Port Orchard residents may get to voice their opinion soon about whether or not the city should put fluoride in their water.
“Since we’ve determined that this is not required to be a ballot issue, we don’t need to take this to a general election,” Mark Dorsey, the city’s public works director and city engineer, said Tuesday. “We’re going to do a survey, for information only.”
The city plans to look for someone to write a one-page summary explaining the benefits of optimally fluoridated water and someone to write a similar summary explaining the drawbacks.
The city plans to send the summaries and an informal ballot out with utility billings, to get a pulse on how most people feel about the issue.
The city is also checking to see if it received any related grants, in the past, that require an optimally fluoridated system, an issue other municipalities have encountered when switching fluoridation systems, Dorsey said.
Currently, the parts of Port Orchard near downtown receive fluoridated water, while other areas, tied into the Bremerton water system, get water without fluoride.
Dr. Bruce Yoder, a dentist who has worked in the area for 27 years and practices near Cedar Heights Junior High School, says he can see the difference between the teeth of clients who get water with fluoride and those who don’t.
“There’s a distinct difference,” he said. “There’s more cavities in children from communities with non-fluoridated water.”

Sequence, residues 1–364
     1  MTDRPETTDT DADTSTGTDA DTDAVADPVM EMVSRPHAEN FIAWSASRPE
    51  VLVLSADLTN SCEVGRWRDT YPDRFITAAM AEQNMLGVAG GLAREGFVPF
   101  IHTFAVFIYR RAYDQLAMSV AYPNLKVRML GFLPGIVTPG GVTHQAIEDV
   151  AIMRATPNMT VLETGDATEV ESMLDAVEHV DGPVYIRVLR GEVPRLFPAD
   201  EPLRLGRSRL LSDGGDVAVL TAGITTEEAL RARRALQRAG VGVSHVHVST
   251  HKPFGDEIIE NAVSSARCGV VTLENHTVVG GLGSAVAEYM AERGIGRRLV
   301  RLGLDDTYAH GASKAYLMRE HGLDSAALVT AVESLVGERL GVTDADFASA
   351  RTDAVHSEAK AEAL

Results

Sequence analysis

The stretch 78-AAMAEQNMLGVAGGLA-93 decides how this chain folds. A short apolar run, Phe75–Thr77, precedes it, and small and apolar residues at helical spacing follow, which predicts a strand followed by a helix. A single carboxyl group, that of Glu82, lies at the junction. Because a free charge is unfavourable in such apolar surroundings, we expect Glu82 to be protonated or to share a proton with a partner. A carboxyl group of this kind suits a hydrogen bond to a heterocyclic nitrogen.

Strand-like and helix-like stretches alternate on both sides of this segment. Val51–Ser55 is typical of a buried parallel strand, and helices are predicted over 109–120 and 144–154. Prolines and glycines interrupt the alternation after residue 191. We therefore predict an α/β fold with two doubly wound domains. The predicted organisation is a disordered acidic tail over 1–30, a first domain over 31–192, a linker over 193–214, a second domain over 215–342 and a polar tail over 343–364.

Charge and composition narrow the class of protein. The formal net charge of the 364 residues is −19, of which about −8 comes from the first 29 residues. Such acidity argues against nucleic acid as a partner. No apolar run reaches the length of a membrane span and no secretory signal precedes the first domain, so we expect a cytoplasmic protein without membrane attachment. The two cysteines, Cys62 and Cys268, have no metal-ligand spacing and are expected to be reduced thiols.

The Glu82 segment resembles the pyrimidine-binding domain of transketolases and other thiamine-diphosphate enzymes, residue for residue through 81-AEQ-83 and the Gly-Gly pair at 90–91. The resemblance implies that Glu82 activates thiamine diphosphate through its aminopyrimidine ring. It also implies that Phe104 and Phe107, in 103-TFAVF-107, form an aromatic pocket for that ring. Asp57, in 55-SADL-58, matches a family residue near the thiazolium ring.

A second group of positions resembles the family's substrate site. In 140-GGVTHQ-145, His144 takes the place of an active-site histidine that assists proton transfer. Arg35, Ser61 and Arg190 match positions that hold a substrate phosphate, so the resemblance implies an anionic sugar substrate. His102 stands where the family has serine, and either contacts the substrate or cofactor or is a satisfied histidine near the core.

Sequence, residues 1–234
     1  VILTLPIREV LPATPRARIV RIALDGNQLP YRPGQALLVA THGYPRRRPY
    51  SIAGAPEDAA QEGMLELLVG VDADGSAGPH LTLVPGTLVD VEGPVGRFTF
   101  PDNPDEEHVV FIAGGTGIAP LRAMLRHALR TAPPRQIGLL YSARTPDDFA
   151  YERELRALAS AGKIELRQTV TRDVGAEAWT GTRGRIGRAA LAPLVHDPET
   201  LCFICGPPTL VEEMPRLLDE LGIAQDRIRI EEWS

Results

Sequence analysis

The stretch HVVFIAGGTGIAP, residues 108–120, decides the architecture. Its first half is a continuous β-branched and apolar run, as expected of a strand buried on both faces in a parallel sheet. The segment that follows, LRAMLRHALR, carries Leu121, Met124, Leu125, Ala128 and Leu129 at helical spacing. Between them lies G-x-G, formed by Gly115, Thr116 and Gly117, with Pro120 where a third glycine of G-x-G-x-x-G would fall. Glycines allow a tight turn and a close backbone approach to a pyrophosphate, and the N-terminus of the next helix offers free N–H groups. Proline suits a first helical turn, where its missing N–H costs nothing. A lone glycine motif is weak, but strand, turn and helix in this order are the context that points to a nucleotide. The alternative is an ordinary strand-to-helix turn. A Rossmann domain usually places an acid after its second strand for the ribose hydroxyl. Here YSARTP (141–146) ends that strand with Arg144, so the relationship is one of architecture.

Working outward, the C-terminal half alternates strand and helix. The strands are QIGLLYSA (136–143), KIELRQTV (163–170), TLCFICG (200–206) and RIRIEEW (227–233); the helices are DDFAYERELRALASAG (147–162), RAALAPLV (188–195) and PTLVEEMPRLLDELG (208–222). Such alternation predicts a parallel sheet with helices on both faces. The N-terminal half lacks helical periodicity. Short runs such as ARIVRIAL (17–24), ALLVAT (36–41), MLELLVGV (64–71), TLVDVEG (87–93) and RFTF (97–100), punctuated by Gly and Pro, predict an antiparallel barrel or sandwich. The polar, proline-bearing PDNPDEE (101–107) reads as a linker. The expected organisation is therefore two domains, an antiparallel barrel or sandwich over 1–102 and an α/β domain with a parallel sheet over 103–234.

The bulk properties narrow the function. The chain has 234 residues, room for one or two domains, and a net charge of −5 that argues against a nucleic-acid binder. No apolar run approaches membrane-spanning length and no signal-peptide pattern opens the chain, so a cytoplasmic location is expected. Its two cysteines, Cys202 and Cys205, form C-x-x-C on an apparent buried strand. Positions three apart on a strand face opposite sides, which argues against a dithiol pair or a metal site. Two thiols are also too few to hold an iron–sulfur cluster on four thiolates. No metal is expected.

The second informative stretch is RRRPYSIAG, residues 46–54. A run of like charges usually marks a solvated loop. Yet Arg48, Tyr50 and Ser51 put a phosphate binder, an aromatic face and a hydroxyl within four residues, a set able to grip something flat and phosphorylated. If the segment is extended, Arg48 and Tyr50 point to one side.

“It fights off cavities. It protects the teeth,” Yoder said. “I think you’d be hard-pressed to find anyone involved in valid research to say that there’s a danger in optimally fluoridated water.”
Part of the city doesn’t get fluoridated water because it’s tied in with Bremerton’s water system, and Bremerton has opted against fluoridation.
“We can’t add fluoride, even if everyone in McCormick wanted it until we’re separated,” Dorsey said, “and there would have to be quite a bit of capital improvement to the infrastructure before we can.”
The discussion of whether or not city water should be fluoridated was sparked by several citizens who oppose fluoridation.
The City Council discussed the issue at a work study session Tuesday.
“I brought this up the other day with my dentist as I was sitting in the chair with my mouth full of fluoride,” Councilman Fred Olin said. “It was his opinion that 99 percent of dental professionals, because of their training, their experience and the articles that they read, they are in favor of fluoride, because in his opinion, at least, it prevents or slows down tooth decay.”
“Where it’s really important is in children and even more important is for poor kids, because they do not get the fluoride treatment from their dentist that my kids got.”
Several city council members said they had similar experiences.
“I had the same conversation with my dentist, and she said the same thing,” Mayor Lary Coppola said.
Yoder said that the issue came up about 20 years ago, and groups came to Port Orchard from other areas to debate the issue.
Some members of those groups argued that fluoride caused major stomach problems and other medical issues like cerebral palsy.
“Empirically, just looking at it, if three-fourths of the nation has fluoridated water, you would expect three-fourths of the nation to have these problems in mass, and they don’t,” he said. “I think what happens sometimes, smaller groups make louder noise.”